On the evening of January 9, 1944, 500 soldiers arrived in the sleepy mountain town of Jasper, Alberta. Disembarking from the train, they marched through town accompanied by the skirl of their bagpipes and disappeared into the winter’s night. They were the Lovat Scouts, an elite British regimental unit sent to Canada to train for an Allied-led invasion of Nazi-occupied Norway. Far removed from the conflict in Europe, the mountains of Jasper National Park had been chosen as the location for this impressive undertaking.
Originally organized by the 16th Lord Lovat, the Lovat Scouts were a unique fighting force composed of Scottish Highlanders renowned for their excellent marksmanship and command of rugged terrain. The regiment served with great distinction in the South African Boer War and again in WWI where they won much acclaim at Gallipoli. In WWII, the Scouts were selected to be a key part of the Allied-led invasion of Norway. Recognized as having specialized skills adept to a mountain campaign, they were the only British unit to undergo formal training in high altitude warfare. Their training, which commenced in the mountains of Scotland and Wales, was completed under winter conditions in Jasper National Park.
The Jasper Park Lodge was selected to serve as headquarters for the operation. Already accommodating an advance party of officers and soldiers, it was well suited for such a large undertaking. The men were housed in the staff quarters; the golf clubhouse was converted to the officer’s mess hall and the convention room was used as a canteen. The laundry was transformed into a ski shop and one of the newer buildings became a 50-bed hospital. As training progressed, the men were also housed at established camps throughout the park at Mt. Edith Cavell, Tonquin Valley, Maligne Lake, Watch Tower Valley and the Columbia Ice Field.
The Scouts’ intensive education in winter mountaineering would include: skiing, ice climbing, survival skills, glacier travel and crevasse rescue. Skiing, the most important skill to master, was a challenge as most of them had never been on skis before. After learning the fundamentals on the golf course at the Jasper Park Lodge, lessons moved to Whistlers Mountain, Signal Mountain and the Palisades. On these more advanced slopes, many mishaps and injuries ensued and within the first three weeks of ski instruction, 10 percent of the men were treated for conditions such as fractures, sprains, concussions, frostbite and snow blindness.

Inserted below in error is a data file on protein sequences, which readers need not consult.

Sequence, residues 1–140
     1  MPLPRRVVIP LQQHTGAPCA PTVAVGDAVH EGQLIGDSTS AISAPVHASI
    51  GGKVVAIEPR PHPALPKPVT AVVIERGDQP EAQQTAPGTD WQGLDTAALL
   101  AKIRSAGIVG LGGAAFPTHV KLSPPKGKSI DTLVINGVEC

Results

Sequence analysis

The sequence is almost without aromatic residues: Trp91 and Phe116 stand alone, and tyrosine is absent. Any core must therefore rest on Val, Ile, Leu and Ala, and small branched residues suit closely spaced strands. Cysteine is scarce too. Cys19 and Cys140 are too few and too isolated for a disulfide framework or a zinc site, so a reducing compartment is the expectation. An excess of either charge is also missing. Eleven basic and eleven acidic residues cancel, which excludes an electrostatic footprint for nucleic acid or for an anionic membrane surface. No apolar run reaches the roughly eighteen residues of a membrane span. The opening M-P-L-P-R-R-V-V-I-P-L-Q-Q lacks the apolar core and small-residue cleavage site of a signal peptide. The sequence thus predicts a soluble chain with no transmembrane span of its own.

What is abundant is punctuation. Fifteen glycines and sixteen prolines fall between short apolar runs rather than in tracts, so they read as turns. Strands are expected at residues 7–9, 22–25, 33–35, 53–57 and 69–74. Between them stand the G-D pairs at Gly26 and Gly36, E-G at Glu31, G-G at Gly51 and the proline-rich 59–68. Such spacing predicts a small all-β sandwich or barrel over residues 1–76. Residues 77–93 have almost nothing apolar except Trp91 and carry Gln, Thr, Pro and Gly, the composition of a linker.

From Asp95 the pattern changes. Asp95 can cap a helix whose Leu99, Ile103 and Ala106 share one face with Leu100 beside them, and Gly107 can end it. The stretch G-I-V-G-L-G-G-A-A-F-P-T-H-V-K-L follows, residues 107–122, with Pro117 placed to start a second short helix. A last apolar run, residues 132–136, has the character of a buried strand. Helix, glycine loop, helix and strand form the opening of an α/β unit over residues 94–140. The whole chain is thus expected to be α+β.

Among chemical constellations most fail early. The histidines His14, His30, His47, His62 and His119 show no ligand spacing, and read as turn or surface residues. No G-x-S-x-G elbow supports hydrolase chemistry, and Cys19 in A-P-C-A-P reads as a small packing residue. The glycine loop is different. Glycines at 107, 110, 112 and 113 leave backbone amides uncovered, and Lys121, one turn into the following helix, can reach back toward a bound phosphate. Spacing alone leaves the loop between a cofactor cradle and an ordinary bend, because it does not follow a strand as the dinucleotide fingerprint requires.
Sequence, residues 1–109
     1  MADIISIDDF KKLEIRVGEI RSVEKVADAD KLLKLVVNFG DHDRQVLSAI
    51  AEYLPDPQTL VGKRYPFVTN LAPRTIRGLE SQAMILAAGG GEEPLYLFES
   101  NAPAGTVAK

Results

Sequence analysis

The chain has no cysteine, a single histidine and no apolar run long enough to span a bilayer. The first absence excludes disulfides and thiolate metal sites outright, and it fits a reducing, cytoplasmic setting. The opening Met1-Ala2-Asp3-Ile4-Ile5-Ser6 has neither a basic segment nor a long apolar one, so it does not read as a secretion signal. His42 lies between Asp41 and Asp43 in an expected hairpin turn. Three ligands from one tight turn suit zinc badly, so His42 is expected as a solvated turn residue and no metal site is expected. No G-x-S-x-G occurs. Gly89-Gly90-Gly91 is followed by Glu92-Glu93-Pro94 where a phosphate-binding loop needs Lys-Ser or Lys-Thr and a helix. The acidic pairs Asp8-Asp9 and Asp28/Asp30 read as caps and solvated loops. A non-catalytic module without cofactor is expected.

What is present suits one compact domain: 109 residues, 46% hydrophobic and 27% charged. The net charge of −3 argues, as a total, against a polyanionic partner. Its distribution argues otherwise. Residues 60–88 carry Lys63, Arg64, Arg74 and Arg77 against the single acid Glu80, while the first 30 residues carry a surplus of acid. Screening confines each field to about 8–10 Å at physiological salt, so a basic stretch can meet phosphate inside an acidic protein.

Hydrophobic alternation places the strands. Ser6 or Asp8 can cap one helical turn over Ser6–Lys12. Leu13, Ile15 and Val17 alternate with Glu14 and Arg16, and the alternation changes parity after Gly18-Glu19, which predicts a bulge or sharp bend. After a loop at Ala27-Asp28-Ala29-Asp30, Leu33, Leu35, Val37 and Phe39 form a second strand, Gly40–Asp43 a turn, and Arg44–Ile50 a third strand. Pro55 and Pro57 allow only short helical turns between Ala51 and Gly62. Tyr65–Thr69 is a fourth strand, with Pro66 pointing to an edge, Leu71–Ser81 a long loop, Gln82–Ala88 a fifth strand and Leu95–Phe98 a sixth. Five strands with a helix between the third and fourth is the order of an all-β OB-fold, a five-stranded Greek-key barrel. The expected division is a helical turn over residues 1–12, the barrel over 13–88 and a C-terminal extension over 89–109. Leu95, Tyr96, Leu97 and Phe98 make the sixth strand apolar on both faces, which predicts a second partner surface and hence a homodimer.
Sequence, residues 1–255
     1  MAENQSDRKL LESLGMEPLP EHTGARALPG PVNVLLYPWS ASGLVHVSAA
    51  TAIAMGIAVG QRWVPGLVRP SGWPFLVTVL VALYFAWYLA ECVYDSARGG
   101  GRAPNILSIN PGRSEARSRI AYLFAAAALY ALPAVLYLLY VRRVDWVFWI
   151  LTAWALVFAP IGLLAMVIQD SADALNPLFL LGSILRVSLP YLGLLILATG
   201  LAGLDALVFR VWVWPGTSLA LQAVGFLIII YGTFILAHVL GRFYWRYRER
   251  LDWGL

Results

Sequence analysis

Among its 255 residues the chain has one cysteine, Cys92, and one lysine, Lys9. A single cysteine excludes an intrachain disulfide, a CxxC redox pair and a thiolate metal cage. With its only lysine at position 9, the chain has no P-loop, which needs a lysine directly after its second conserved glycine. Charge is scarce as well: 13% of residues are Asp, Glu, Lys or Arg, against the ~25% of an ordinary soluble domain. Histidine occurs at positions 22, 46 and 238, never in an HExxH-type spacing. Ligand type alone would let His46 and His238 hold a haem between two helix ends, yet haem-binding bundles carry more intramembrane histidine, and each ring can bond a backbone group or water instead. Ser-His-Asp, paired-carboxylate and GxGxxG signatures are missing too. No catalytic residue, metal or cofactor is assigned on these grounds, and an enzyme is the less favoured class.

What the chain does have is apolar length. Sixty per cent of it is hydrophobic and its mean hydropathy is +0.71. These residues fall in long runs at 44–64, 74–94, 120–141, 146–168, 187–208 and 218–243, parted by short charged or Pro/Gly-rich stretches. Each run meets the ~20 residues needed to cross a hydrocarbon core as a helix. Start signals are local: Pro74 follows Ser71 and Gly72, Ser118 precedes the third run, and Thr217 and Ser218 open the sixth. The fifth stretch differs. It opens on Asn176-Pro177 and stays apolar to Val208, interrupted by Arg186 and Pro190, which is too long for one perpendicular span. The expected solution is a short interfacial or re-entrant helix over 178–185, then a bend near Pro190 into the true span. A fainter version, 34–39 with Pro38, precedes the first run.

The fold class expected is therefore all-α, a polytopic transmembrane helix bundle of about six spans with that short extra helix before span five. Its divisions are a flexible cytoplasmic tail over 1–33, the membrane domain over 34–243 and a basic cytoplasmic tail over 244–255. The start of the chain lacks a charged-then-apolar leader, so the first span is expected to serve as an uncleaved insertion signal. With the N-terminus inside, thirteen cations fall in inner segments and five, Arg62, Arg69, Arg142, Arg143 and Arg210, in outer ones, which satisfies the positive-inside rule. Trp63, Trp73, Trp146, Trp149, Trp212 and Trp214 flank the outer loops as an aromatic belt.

After mastering the basics of skiing, the men were dispersed to outlying camps to undergo more advanced training. The Columbia Ice Field Chalet could accommodate 200 men with the addition of winterized tents. Men also slept in snow caves. It took two hours to dig a cave big enough for six men to sleep comfortably in subzero conditions at high elevation. Depending on accessibility and location, supplies were delivered to the camps by various methods. Packhorse trains were used at lower elevations and airplane drops were used to supply more remote locales. For more challenging terrain, like the Tonquin Valley, supplies were delivered by a U. S. Army amphibian snowmobile known as a “weasel.”
The Scouts’ newly acquired skills were tested during months of intense challenges that were both physically and mentally demanding. Summiting numerous peaks in the park, they impressively undertook the first winter ascents of Mount Columbia, Mount Athabasca, Snow Dome, Mount Kitchener and Mount Andromeda. One of the Canadian men who had trained them regarded them as one of the “fittest, toughest, most self-reliant group of men that the British Army had produced.” Their achievements, however, were not without their losses; there were many close calls and at least 50 serious injuries. Most tragically was the loss of Corporal Alexander Collie, killed in an avalanche on Nigel Peak.